Republicans now as nimble as Democrats on social media, study finds

Democrats had the edge in use of social media in the 2008 election campaign, but Republicans caught up in 2010, a new report finds. Political 'friending,' tweeting now common in both parties.

By , Staff writer

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    This image taken from Facebook.com on Jan. 27, shows the Facebook page of President Barack Obama. Democrats and the Obama campaign may have pioneered the use of social media in an election, but Republican voters and tea party activists caught up with them in 2010, according to a new Pew report.
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Democrats and the Obama campaign may have pioneered the use of social media in an election, but Republican voters and tea party activists caught up with them in 2010, according to a new report by the Pew Internet & American Life Project.

In 2008, only 29 percent of Republican/McCain voters were active on social networking sites, compared with 44 percent of Democrats/Obama voters. By 2010, Republicans were just as likely as Democrats to be active on online social networking sites and to use these sites for political purposes.

This is partly because people 50 and older, who are more likely to align themselves with more conservative candidates, are the fastest-growing demographic group using social media – their numbers nearly doubled between April 2009 and May 2010, says Aaron Smith, a senior researcher at the Pew Internet & American Life Project and author of the report.

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“Two years ago, it was young Obama supporters using Facebook to engage with the campaign. Now, their parents are using Facebook to engage with the tea party,” he said in a telephone interview.

Republicans, moreover, during the past two years have used social media much more aggressively to tell their story, adds Lee Rainie, director of the Pew Internet & American Life Project. “Everybody learned from the Obama campaign in 2008 that social media can be an effective tool to contact and galvanize voters,” he says.

"This advantage that Democrats used to have doesn’t seem to have applied to the 2010 election," says Mr. Rainie, "and I’m sure the Obama administration, like every other political actor, is much more conscious than he or she used to be about how important these new technologies are for communicating with voters."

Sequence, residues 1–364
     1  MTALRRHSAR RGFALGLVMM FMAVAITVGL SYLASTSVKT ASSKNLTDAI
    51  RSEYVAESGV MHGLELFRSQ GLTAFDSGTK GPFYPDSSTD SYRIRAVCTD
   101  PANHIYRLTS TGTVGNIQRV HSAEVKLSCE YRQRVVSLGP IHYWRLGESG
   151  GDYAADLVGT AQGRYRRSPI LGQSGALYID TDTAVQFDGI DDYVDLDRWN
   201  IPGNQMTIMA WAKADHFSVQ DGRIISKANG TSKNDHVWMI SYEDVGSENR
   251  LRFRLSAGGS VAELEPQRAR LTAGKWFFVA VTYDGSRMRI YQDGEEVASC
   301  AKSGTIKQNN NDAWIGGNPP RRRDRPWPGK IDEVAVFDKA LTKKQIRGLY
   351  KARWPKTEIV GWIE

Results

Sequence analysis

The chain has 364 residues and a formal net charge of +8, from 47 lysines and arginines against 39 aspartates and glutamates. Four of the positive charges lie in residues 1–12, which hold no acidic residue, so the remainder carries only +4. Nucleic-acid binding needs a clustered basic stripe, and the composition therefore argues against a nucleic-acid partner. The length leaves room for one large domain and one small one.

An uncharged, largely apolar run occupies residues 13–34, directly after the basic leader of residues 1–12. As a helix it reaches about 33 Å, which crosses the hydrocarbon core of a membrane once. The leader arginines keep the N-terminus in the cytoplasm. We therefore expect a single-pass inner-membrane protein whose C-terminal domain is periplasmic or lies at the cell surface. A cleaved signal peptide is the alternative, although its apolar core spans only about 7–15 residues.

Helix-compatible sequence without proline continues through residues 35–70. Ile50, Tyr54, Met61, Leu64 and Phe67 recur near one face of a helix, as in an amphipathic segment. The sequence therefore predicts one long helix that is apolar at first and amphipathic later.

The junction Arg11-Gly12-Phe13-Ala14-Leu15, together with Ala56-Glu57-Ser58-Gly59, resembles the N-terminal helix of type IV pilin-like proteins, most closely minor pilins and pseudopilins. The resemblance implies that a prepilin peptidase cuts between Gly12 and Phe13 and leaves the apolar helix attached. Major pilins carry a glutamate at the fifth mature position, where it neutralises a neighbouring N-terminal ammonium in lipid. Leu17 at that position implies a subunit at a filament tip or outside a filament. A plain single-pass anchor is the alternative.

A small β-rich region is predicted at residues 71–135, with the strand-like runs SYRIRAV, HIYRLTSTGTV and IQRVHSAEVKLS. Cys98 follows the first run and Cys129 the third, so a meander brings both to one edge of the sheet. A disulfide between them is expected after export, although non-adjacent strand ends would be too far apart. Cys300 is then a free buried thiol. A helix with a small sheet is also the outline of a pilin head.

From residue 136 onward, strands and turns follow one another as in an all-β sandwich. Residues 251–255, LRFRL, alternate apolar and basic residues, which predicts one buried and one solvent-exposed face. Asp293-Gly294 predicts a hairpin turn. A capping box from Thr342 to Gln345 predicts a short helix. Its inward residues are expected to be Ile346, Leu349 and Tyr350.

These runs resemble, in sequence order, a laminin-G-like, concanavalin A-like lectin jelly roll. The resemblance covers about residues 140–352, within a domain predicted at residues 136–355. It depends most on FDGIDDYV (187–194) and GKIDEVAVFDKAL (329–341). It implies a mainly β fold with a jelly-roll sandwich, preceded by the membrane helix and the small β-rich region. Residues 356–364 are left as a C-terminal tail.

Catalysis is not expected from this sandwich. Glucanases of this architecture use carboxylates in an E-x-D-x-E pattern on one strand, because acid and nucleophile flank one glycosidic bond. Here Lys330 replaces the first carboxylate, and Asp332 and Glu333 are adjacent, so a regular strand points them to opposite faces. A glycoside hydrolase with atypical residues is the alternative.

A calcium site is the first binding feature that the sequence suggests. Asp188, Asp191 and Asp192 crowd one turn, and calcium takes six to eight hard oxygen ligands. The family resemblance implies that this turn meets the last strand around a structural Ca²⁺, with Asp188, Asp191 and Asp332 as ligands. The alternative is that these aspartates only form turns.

Judging by the buzz on the Web on Tuesday night during President Obama's State of the Union address, the message seems to have hit home.

According to Tweetbeat, 100,000 tweets about the address were sent while Mr. Obama was speaking. They far outnumbered tweets about other events of the day, including the upcoming Super Bowl.

Among those tweeting was Rep. Steve King (R) of Iowa: "@SteveKingIA Response to Obama's state of the union is very flat. Not inspiring and supressed by mixed seating."

And from Rep. Gabrielle Giffords's account: "@Rep_Giffords From the entire Giffords team: Happy 21st Birthday Daniel Hernandez! Sounds like you have fun plans tonight". Mr. Hernandez, a Giffords intern, attended the address.

The White House, too, raised its social media game on Tuesday by streaming an "enhanced” video of the address – complete with charts and graphs – on the White House website. Immediately afterward, a panel of White House officials answered questions submitted via Facebook and Twitter about issues Obama had addressed in the speech. And on Thursday afternoon, Obama himself will answer questions submitted via Facebook and Twitter during a live YouTube interview from the White House.

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